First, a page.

Porter strolls past the crowd stark naked. The woman near me steps backward. She wears a tee shirt that reads, “Live, Love, Tolerate.” She looks hostile. Someone gasps.
It’s obvious the other mothers wonder how this pool party was marketed.
“Back to the bathroom,” I say loudly. I pick up Porter, and he slips out of my arms because he’s spied the water. He gets away and runs full speed for the deep end. He jumps in. People stare and grip the edge of the pool. One girl smiles because she wrongly thinks this is as bad as it gets.
I lean over the side to grab him. My firm voice is canceled out by his hysterical laughter.
“Let’s get out and put a suit on,” I say. I try to sound authoritarian and he finds my tone hilarious. My firm tone is hilarious. It sounds fake. I point a finger at my son as I try to convince the other parents I’m on top of it. I make a serious face. I want to be clear that I don’t think it is a good idea to have my child skinny dip in public. Porter looks euphoric. He channels his inner stripper and twirls in the water.
I say again, “Get out of the pool RIGHT NOW.” Porter grins and dives under, in a gesture that is both graceful and slightly pornographic.
Tyler runs over. “What’s wrong?”
“Porter’s naked,” I say.
“Not again!” she says back. I turn to Jackson, age 4 and fully dressed. “Run to the car and get Porter’s pants. Do you remember where we parked?”
“Mom, I know this place like the back of my head.”
I am not convinced, but I like the confidence. I go after Porter, jumping into the pool, grabbing him and hauling him away. This is our routine. We try to do normal things and something happens and we get out of there. It’s like the rapture—one minute we are part of society and then whoosh—we disappear.
I try to look determined as I carry him off, but I’m a tad uptight. I want the spectators to approve of my parenting. I can’t tell you why. I have never met them. Then the justifying kicks in. It’s not like the police came. I’m also experienced handling judgment. This is the thing about my son’s brain injury and autism. It’s not as sympathetic as other ailments. People support you when your child breaks a leg. I wish we had a cast they could sign.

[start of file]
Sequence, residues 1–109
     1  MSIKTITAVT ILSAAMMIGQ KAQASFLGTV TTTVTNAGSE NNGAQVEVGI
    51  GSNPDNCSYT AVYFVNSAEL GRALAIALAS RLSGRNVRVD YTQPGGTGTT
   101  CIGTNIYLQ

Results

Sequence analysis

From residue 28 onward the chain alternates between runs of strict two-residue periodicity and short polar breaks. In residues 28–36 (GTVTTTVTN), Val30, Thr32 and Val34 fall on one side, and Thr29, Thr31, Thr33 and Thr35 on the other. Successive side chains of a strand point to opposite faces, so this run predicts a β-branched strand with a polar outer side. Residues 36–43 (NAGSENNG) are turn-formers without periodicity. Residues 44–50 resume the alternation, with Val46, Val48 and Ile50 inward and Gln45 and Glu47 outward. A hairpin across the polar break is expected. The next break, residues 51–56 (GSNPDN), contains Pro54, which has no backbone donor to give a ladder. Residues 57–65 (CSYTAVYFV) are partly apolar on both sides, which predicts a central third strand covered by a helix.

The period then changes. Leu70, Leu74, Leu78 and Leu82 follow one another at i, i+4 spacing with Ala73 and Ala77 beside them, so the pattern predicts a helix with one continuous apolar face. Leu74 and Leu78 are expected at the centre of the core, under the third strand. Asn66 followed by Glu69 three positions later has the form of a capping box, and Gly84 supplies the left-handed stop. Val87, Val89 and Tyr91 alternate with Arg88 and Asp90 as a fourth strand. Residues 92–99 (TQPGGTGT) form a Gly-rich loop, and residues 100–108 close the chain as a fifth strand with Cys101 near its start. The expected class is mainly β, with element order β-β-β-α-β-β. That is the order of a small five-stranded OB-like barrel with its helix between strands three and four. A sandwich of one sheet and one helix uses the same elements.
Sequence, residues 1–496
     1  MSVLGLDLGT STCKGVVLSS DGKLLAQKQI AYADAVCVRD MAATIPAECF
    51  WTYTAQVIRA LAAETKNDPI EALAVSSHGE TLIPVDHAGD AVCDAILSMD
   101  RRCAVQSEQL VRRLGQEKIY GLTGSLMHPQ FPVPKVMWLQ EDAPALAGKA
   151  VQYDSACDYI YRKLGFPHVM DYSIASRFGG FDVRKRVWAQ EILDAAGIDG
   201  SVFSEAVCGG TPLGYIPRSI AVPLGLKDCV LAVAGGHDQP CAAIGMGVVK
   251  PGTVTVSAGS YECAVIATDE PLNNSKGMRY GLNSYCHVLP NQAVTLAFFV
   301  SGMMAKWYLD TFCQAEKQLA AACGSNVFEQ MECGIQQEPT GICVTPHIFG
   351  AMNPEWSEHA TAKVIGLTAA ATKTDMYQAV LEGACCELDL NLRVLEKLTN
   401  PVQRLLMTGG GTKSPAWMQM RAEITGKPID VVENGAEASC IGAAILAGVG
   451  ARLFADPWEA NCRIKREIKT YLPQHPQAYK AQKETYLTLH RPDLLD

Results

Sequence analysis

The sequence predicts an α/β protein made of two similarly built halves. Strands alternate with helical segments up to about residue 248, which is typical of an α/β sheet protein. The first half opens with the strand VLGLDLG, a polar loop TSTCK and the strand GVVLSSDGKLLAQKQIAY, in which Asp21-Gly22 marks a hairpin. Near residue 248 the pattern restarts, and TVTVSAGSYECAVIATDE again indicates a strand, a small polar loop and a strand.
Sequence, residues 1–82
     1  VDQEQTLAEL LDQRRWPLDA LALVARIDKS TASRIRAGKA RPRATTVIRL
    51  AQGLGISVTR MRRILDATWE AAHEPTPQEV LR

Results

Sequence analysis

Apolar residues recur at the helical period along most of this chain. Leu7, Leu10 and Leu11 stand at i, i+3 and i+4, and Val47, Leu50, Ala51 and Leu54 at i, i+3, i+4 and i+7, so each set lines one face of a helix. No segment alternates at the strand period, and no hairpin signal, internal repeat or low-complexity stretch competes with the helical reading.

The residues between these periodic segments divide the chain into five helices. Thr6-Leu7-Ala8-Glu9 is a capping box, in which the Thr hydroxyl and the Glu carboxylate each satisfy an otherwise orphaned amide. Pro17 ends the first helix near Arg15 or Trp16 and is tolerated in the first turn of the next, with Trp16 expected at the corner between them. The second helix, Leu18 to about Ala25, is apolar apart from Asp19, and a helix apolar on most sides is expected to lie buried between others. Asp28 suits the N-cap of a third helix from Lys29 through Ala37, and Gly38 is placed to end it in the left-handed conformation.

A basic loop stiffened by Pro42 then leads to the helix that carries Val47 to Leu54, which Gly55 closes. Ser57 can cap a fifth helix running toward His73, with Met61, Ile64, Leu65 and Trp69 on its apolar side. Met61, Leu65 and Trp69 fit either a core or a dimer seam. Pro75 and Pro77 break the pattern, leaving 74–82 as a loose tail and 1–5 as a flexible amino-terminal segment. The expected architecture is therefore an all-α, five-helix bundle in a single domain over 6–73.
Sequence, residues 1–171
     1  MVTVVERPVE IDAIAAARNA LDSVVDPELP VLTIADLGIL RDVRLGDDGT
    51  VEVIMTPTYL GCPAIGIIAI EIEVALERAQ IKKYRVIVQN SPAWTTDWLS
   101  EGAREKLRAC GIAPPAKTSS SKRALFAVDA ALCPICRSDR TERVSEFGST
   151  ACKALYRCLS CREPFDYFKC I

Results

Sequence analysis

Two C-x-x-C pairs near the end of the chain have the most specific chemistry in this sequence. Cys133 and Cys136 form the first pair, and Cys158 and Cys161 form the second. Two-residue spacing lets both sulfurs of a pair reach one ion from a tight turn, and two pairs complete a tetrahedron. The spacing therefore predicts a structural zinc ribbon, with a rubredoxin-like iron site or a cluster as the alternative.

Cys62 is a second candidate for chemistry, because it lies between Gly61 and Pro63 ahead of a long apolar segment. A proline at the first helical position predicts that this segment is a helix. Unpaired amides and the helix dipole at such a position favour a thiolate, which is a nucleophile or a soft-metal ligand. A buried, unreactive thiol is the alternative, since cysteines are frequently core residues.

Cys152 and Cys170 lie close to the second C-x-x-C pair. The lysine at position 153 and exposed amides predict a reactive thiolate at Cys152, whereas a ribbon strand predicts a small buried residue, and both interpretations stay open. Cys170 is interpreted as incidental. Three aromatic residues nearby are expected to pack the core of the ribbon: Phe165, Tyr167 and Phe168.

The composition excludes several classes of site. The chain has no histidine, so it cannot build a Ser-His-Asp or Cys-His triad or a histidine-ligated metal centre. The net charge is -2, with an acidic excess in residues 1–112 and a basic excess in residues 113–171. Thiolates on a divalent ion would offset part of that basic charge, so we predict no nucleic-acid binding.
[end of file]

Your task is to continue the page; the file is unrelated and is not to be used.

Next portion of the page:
As we walk to the car I tell myself it was inevitable. Porter saw the people and he heard the laughter and ran toward it. Joining pretty much anything makes him exuberant. This may be one reason he glides through life smiling. Porter has more diagnoses than anyone I know but is the best adjusted one in our family. He understands that connecting to other people makes things better, and he approaches strangers the way you open a gift-wrapped present. His face says: Something good is in there. I can’t wait to find it.
Porter also knows that connecting with people is the secret to life, even if he doesn’t get the social conventions. He is right. Building strong ties with other people is more than a way to feel good. Research shows that it directly affects our health. Feeling isolated triggers an array of problems including high blood pressure, altered gene expression in immune cells, and depression. It is estimated to raise the likelihood of premature death by 14%.
But, connecting with other people can be hard. One of the biggest blocks to relating is a fear of rejection. Brain scans show that physical pain and emotional rejection are processed nearly identically. Compounding this is the fact that we remember emotional rejection more clearly than physical injury. My neuropsychology training backs up what I can feel as a human: Being judged feels terrible. This makes most of us err on side of safety and miss the possible connections all around us. For a lot of us, our brains say, “don’t put yourself out there, it’s not safe.”
Disability fixes this dilemma and that is both the difficult thing, and the great thing too. When things fall apart it is stressful, yet it creates the space to drop the façade. We get to the car and I strap the kids in. Someone knocks on my window.
“You forgot your goggles,” the woman says. “And don’t worry about the strip show—people need to loosen up a little.” We smile and she holds out her hand and gives me a squeeze. These hard moments are painful, but they bring in healing too.
As we drive away I think of a line from a poem from Rumi, “The wound is where the light enters.”